Cavana, Delahaye & Sekaran (2001) assert that, the data, after collection, has to be processed and analyzed in accordance with the outline laid down for the purpose at the time of developing the research plan. This is essential for a scientific study and for ensuring that all relevant data is available to help make comparisons and analysis. The term analysis refers to the computation of certain measures along with searching for patterns of relationship that exist among data-groups. The mass of data collected will be coded, summarized into frequency tables, and analyzed using quantitative techniques. To perform the analysis, the researcher will make use of various software including MS Excel, SPSS and any other as will prove necessary.

4.2 Sample design

This article is going to select about 500 UK listed companies and use the data disclosed by these companies in the 2000-2015 annual report as the research object. Excluding financial institutions and companies with ROEs higher than 200% or companies that undisclosed information of senior management shareholding, companies with incomplete data are not selected. The main reason for the selection of UK listed companies is that the UK has a good economic environment, for example, the UK stock market is the largest stock market in Europe. The level of management is also mature. Compared with some developing countries, data is preserved better, more convenient to search and has higher reference value.

4.3 Variable design

4.3.1 Dependent variable

corporate performance as the dependent variable is measured by two accounting proxies: Return on Assets (ROA) and Return on Equities (ROE). As an accounting measure of performance, these two proxies are commonly employed and generally accepted by the corporate governance researchers, though some researcher prefers to use the market measures. The two measures, which represent different perspectives of how to evaluate a firm’s financial performance, have different theoretical implications (Hillman and Keim, 2001). These measures are consistent with other studies on organisational performance and are frequently used by market and financial analysts in assessing a company’s performance (Shrader et al., 1997). Tobin’s Q is also a widely applied measure within the corporate governance literature serving as a proxy for a firm’s ability to generate shareholder wealth and it reflect changes and growth in company value during certain period. Firms with a Tobin’s Q ratio greater than 1.0 are expected by investors to be able to create more value by using available resources effectively, while those with a Tobin’s Q ratio of less than 1.0 are associated with poor utilisation of available re- sources. In addition, Tobin’s Q accounts for risk and, unlike accounting measures such as return on assets, is not liable to reporting distortions due to tax laws and accounting conventions (Lindenberg and Ross, 1981). In particular, reported financial performance may vary significantly from year to year as firms write off items such as goodwill from an acquisition. Accounting results are based on events that have already occurred, and thus offer a view of past performance, while Tobin’s Q focuses on expectations of future performance (Demsetz and Villalonga, 2001). Besides, the total assets of listed companies will be used to represent the size of the firm.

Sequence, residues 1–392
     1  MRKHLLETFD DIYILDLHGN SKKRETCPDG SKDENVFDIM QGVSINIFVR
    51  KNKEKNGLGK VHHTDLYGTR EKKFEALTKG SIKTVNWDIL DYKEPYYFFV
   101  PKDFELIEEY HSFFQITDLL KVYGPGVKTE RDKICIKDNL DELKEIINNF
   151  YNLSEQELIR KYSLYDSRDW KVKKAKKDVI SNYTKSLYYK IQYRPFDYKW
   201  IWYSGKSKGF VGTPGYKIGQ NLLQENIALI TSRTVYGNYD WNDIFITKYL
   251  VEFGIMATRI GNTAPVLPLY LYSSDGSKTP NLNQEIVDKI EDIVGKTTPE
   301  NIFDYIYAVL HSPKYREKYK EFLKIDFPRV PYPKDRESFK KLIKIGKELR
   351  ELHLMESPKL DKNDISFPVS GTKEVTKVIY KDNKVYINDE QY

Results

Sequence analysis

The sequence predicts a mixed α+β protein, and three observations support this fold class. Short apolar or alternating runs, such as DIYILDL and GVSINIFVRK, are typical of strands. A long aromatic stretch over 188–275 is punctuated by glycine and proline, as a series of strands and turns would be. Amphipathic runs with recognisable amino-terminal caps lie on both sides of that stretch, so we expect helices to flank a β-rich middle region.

4.3.2 Independent variable